WASHINGTON, D. C. – Attorney General Karl A. Racine today announced that the Office of the Attorney General (OAG) has launched a Special Victims Unit (SVU) to focus on prosecuting crimes against some of the most vulnerable people in the District: sexual assault victims, young children, elders, people with disabilities, and children at risk for human trafficking. The unit will also provide specialized training to OAG prosecutors on forensic interviewing and forensic science, gathering evidence, litigating cases, and providing victims with the necessary services to prevent additional trauma during a case.
“This unit will help us seek justice for vulnerable victims of abuse and violent crimes and provide them with the special services they need to cope with trauma,” said Attorney General Racine. “We’ve learned from the best practices of other prosecutors around the country that specialized training is necessary to investigate and pursue these cases while being sensitive to victims’ needs. SVU is our latest effort to keep District residents safe and provide our community with dedicated resources to address the needs of both victims and offenders.”
OAG has authority to prosecute all offenses committed by juveniles in the District as well as certain adult misdemeanors. Prior to the unit’s establishment, OAG prosecutors who handle a wide variety of offenses also prosecuted crimes committed against special victims. After careful study of current practices by other nationally respected prosecutors and stakeholders, AG Racine established SVU to address the special circumstances in cases involving sexual assault and other vulnerable victims.
Special Victims Unit
The new SVU is composed of three dedicated prosecutors who report directly to the head of OAG’s Public Safety Division, Deputy Attorney General Mina Malik. The prosecutors will handle crimes involving:
- Any victim of a sex crime or an attempted sex crime;
- Any victim or respondent involved in human trafficking;
- Any child under 13 years of age who is the victim of a crime;
- Any victim 65 years of age or older;
- Any victim who is disabled or otherwise vulnerable;
- Mandatory reporters under District law who fail to report abuse or neglect.
The prosecutors assigned to SVU will investigate, prosecute and resolve cases as outlined above. Specifically, SVU will provide:
- Specialized training to prosecute offenses against vulnerable victims: Prosecutors will receive special training to investigate, prosecute and resolve cases involving victims of violent offenses and sexual assault, as well as other matters involving vulnerable victims such as youth involved in human trafficking. For example, prosecutors will be trained in specialized techniques for interviewing child victims, victims with mental or physical disabilities, or elderly victims experiencing dementia or other cognitive decline. This will allow prosecutors to collect the best possible evidence while also protecting witnesses from further victimization. Prosecutors also need to understand the nature of these crimes and their effects on victims to build and present their cases effectively.
- Centralized coordination among government agencies to fight crime: SVU prosecutors will serve as a single OAG point of contact for special-victims crimes with the Metropolitan Police Department, school officials, the Department of Forensic Sciences and other partner agencies. SVU prosecutors will be assigned at the outset of a case and partner with the essential agencies to ensure evidence is gathered in a timely manner and analyzed properly. This “vertical prosecution” model – with a single or a small group of prosecutors handling a case from beginning to end – builds rapport with victims and witnesses and ensures clear communication with, and attention to, outside agencies assisting with the case.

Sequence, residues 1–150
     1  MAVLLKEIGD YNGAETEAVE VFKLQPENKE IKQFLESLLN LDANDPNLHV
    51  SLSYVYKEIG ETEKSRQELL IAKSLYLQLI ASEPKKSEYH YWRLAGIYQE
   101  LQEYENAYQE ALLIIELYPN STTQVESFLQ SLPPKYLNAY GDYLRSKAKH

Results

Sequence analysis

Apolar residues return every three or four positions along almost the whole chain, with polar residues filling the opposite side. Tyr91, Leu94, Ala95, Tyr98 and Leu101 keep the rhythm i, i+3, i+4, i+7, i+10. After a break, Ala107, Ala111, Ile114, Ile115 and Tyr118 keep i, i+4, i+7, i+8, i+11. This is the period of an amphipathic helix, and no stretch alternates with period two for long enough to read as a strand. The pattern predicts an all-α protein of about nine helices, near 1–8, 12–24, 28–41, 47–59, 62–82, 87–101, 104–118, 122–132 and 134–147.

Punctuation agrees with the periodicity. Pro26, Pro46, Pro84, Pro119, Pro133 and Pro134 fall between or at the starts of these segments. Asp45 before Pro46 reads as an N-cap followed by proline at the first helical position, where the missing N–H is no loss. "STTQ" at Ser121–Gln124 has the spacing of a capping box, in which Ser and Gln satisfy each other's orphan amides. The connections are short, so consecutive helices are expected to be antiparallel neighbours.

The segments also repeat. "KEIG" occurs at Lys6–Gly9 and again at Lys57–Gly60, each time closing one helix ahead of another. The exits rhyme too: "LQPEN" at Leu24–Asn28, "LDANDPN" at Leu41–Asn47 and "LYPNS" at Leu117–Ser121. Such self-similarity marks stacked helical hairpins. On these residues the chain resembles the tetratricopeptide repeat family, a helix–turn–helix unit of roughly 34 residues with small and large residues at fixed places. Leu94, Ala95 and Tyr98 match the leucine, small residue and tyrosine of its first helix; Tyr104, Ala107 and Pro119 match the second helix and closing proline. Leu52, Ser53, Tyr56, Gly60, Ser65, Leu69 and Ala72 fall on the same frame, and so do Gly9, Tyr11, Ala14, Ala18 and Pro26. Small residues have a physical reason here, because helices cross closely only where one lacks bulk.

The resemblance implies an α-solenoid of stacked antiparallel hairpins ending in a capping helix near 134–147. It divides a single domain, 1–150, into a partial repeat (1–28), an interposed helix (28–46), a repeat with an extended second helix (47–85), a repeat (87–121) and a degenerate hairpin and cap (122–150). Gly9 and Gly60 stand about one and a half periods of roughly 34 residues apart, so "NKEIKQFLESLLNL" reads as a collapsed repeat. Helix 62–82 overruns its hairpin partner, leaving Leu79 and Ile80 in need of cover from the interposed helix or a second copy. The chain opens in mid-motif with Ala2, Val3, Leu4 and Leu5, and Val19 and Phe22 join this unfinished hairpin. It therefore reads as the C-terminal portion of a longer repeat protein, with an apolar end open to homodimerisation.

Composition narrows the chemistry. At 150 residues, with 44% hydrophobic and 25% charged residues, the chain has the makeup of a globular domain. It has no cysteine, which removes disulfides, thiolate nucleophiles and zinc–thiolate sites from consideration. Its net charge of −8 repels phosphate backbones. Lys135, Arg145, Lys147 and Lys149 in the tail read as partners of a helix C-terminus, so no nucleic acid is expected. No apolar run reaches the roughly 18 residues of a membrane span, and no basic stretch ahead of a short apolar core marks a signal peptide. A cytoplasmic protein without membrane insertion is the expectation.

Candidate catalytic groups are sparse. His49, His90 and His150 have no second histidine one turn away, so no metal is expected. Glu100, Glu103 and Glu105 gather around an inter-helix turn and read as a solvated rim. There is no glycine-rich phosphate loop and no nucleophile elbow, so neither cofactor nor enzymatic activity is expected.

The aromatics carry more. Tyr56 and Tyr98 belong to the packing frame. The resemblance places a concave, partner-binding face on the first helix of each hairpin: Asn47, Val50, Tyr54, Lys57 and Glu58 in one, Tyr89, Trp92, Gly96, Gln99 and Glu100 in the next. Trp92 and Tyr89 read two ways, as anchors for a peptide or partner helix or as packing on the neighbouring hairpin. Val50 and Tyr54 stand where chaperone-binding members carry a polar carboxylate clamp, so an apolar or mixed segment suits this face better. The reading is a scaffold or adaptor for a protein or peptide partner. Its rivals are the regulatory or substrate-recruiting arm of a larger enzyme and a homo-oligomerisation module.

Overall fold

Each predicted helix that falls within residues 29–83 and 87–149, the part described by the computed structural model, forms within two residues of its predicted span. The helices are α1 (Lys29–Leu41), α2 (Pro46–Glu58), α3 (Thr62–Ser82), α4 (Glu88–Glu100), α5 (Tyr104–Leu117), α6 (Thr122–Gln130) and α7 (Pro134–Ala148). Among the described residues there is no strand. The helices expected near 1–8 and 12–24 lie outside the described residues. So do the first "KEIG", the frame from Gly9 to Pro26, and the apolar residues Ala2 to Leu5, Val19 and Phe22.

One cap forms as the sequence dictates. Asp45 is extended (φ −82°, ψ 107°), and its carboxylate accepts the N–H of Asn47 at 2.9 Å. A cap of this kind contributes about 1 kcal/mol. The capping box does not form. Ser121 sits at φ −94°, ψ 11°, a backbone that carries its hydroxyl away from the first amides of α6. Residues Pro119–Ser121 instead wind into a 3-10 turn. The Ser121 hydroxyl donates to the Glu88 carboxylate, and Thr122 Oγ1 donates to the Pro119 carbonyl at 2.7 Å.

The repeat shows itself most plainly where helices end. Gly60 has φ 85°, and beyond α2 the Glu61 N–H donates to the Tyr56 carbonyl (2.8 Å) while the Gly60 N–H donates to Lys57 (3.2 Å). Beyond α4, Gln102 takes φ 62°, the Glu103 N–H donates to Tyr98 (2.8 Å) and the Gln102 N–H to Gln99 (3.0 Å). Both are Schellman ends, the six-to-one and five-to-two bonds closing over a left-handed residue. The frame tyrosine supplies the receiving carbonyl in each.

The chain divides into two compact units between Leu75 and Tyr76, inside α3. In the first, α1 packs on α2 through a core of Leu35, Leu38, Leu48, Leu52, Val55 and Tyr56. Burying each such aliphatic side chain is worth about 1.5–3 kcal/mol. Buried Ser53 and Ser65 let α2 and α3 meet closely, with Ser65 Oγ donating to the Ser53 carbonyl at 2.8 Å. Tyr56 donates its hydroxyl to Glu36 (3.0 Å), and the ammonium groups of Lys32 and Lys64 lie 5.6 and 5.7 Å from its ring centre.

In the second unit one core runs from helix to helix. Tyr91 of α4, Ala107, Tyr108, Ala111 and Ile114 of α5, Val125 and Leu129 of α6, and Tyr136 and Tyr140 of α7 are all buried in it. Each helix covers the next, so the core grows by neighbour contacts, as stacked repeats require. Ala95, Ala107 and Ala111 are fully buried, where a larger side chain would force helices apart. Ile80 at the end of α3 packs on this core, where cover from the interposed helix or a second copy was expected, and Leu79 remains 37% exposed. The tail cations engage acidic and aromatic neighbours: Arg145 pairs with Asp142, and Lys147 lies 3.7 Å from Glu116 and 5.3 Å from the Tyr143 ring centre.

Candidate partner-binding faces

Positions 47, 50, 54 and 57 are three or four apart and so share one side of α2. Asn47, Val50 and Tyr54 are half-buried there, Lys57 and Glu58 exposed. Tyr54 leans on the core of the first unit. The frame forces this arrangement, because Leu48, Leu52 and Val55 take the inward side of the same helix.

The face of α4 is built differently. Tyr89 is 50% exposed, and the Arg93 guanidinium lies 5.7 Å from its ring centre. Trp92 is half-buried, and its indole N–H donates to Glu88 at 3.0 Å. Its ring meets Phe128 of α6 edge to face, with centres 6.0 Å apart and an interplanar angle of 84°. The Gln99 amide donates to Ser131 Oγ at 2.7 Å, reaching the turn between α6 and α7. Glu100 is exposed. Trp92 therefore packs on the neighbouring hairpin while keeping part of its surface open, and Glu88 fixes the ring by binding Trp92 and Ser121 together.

- Connections to victim services: SVU prosecutors will work closely with OAG’s Restorative Justice and Victim Services Unit to provide victims with comprehensive services or recommendations for outside service providers, even in those cases that do not result in a prosecution. Early access to vital services will help victims address the effects of the crimes against them and will enhance the investigative process while minimizing additional trauma for the victims.
- Educational resources and outreach in the community: In addition to their prosecutorial work, SVU attorneys will also regularly engage in public outreach through community meetings, schools, houses of worship and advocacy groups. They will educate the public on personal safety and how to identify and report potential cases of human trafficking. They will also work proactively with students and school administrators to raise awareness of sexual assaults in schools, protect and support student survivors, and foster cooperation among schools and law enforcement.
In addition to the current SVU prosecutors in OAG’s Public Safety Division, OAG will hire a prosecutor in SVU who will focus on cases of financial exploitation of seniors. This prosecutor will work with law enforcement partners to augment their ability to prosecute these crimes.
To Report Crimes and Access Victim Services
If you wish to report a crime that involves you or special victims, contact the Metropolitan Police Department (MPD) by calling 911 or MPD’s Anonymous Tip Line at (202) 727-9099. You may also report crimes or provide information on crimes to OAG’s Public Safety Division at (202) 727-3500. More information about services for crime victims is available at: https://oag.dc.gov/public-safety/access-victim-services.